Some years ago Daniel Kahneman and Gary Klein wrote a paper titled – Conditions for intuitive expertise: a failure to disagree, in which they explored the differences between two approaches to intuition and expertise that are often viewed as conflicting: Heuristics and Biases (HB) and Naturalistic Decision Making (NDM).
Starting from the obvious fact that professional intuition is sometimes marvelous and sometimes flawed, the authors attempted to map the boundary conditions that separate true intuitive skill from overconfident and biased impressions.
They concluded that evaluating the likely quality of an intuitive judgment requires an assessment of the predictability of the environment in which the judgment is made and of the individual’s opportunity to learn the regularities of that environment. Subjective experience is not a reliable indicator of judgment accuracy.
What is notable is that finance professionals, psychotherapists, and intelligence analysts are more conducive to overconfidence than weather forecasters, engineers, and logistics specialists because the later group who are marked by standard methods, clear feedback, and direct consequences for error, appear to appreciate the boundaries of their expertise. Here’s an excerpt from the paper:
DK [Daniel Kahneman] is particularly interested in cases in which professionals who know how to use their knowledge for some purposes attempt to use the same knowledge for other purposes. He views the fractionation of expertise as one element in the explanation of the illusion of validity: the overconfidence that professionals sometimes experience in dealing with problems in which they have little or no skill.
Finance professionals, psychotherapists, and intelligence analysts may know a great deal about a particular company, patient, or international conflict, and they may have received ample feedback supporting their confidence in the performance of some tasks—typically those that deal with the short term— but the feedback they receive from their failures in long-term judgments is delayed, sparse, and ambiguous. The experience of the professionals that DK has thought about is therefore conducive to overconfidence.
These professionals may have strong subjective confidence in their judgments, but we do not believe that subjective confidence reliably indicates whether intuitive judgments or decisions are valid. When experts recognize anomalies, using judgments of typicality and familiarity, they are detecting violations of patterns in the external situation.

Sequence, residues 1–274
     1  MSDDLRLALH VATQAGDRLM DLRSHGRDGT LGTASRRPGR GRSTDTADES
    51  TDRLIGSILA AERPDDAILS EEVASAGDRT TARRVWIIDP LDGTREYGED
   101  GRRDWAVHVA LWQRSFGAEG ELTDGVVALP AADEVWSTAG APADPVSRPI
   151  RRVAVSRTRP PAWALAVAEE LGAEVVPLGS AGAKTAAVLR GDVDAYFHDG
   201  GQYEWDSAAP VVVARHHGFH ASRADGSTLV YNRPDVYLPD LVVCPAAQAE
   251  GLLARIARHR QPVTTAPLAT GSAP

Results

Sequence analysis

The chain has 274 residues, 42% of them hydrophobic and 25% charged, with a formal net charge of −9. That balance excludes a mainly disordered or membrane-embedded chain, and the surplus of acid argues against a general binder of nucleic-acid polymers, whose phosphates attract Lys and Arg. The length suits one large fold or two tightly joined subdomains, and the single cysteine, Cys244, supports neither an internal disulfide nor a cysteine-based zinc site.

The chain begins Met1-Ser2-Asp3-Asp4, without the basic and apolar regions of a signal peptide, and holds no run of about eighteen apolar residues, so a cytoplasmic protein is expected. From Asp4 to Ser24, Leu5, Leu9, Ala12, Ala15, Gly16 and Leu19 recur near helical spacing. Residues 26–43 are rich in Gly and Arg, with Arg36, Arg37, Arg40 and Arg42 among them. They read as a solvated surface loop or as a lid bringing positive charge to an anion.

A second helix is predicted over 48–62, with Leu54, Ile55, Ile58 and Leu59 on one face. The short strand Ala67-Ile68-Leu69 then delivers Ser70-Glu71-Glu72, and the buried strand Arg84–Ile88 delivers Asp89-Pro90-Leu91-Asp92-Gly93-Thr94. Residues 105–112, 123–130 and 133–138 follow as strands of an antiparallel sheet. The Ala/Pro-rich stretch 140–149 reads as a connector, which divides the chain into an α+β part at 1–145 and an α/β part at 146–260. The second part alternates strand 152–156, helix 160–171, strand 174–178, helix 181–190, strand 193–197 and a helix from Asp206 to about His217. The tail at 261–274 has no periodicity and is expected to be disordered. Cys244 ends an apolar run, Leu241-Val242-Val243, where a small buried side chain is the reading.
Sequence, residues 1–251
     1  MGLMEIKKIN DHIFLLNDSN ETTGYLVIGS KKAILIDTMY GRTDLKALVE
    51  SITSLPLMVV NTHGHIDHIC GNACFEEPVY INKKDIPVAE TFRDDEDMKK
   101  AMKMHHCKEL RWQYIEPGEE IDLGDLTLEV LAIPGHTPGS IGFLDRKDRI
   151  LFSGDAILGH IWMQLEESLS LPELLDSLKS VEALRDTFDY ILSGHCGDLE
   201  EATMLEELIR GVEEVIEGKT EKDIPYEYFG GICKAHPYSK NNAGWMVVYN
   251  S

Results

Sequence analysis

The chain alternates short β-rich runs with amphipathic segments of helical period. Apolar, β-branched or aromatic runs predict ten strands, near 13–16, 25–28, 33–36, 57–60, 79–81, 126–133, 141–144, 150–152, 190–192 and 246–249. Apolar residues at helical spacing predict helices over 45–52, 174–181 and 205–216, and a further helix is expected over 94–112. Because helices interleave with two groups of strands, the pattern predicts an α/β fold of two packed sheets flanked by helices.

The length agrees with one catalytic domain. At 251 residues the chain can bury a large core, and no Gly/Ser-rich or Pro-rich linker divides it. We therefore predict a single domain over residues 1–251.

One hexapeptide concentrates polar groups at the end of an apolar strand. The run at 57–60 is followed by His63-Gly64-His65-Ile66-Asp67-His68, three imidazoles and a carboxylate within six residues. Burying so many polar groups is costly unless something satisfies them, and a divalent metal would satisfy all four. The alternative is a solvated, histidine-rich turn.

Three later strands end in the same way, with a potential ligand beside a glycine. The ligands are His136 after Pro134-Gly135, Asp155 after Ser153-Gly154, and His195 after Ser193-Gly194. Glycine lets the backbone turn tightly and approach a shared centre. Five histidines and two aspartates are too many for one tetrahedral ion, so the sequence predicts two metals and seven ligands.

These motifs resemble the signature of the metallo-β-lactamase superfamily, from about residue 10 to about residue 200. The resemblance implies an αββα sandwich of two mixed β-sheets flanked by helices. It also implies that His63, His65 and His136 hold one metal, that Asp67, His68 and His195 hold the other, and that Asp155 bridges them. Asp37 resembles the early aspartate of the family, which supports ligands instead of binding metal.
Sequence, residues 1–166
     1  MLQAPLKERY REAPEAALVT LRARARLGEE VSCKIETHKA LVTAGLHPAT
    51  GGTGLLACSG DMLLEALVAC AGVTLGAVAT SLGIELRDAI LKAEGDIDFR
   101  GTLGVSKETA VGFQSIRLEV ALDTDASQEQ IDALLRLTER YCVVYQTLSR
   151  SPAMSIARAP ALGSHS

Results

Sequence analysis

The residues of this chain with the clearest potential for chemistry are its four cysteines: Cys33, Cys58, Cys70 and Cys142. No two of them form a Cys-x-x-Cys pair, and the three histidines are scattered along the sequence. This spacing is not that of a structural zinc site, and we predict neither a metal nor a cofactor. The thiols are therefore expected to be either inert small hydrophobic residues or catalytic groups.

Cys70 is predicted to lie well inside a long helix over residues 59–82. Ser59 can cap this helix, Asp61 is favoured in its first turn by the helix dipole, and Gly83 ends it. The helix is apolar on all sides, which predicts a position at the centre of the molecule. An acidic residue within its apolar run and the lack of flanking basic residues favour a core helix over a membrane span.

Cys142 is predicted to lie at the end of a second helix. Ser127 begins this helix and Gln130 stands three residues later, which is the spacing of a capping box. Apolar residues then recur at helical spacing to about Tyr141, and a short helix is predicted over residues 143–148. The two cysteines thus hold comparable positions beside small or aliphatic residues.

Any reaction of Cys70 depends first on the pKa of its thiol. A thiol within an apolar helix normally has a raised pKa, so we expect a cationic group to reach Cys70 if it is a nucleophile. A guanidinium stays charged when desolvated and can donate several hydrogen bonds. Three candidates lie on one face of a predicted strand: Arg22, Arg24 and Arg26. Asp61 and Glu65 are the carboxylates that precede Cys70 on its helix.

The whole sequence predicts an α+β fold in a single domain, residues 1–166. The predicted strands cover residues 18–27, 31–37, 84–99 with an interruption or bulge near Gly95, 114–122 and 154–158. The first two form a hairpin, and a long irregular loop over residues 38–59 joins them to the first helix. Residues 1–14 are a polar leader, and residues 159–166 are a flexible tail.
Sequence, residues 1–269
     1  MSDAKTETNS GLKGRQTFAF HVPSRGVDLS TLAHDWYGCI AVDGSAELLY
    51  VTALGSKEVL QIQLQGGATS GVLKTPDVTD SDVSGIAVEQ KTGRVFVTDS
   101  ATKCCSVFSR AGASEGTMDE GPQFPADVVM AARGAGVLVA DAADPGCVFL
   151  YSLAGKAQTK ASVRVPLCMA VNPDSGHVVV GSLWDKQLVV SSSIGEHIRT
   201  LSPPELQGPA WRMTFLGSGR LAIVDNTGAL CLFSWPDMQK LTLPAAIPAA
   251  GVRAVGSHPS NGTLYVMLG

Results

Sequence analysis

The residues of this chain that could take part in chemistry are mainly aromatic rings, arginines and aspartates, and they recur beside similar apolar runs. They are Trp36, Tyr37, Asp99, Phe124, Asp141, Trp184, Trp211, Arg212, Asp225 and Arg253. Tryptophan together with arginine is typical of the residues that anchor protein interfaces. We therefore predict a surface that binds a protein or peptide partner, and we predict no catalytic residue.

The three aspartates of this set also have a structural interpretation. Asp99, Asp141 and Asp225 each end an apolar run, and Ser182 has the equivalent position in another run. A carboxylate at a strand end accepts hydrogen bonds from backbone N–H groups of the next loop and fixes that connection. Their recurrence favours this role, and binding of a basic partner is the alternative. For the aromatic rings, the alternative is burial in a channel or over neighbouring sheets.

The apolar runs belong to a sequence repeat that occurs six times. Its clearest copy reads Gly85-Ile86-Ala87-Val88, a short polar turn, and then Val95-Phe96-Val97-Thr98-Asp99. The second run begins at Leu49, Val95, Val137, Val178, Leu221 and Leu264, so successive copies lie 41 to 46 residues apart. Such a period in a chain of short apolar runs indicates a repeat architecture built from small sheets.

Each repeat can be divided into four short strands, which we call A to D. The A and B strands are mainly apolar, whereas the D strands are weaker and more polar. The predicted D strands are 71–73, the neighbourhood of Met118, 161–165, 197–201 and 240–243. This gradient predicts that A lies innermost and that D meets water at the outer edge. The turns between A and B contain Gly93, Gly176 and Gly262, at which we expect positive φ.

In contrast, people do not have a strong ability to distinguish correct intuitions from faulty ones. People, even experts, do not appear to be skilled in detecting patterns in the internal situation in order to identify the basis for their judgments. Therefore, reliance on subjective confidence may contribute to overconfidence.
The experts that GK (Gary Klein) has studied seem less susceptible to overconfidence, perhaps in part because of the direct personal risks it poses. Weather forecasters, engineers, and logistics specialists typically resist requests to make judgments about matters that fall outside their area of competence. People in professions marked by standard methods, clear feedback, and direct consequences for error appear to appreciate the boundaries of their expertise.
These experts know more knowledgeable experts exist. Weather forecasters know there are people in another location who better understand the local dynamics. Structural engineers know that chemical engineers, or even structural engineers working with different types of models or materials, are the true experts who should be consulted.
As in the other topics that we have considered, we find no reason to disagree about either fractionation of expertise or overconfidence. As usual, different rules apply to different tasks.
We describe task environments as “high-validity” if there are stable relationships between objectively identifiable cues and subsequent events or between cues and the outcomes of possible actions. Medicine and firefighting are practiced in environments of fairly high validity. In contrast, outcomes are effectively unpredictable in zero-validity environments. To a good approximation, predictions of the future value of individual stocks and long-term forecasts of political events are made in a zero-validity environment.
The situation that we have labeled fractionation of skill is another source of overconfidence. Professionals who have expertise in some tasks are sometimes called upon to make judgments in areas in which they have no real skill. (For example, financial analysts may be skilled at evaluating the likely commercial success of a firm, but this skill does not extend to the judgment of whether the stock of that firm is underpriced.) It is difficult both for the professionals and for those who observe them to determine the boundaries of their true expertise.
You can read the entire paper here:
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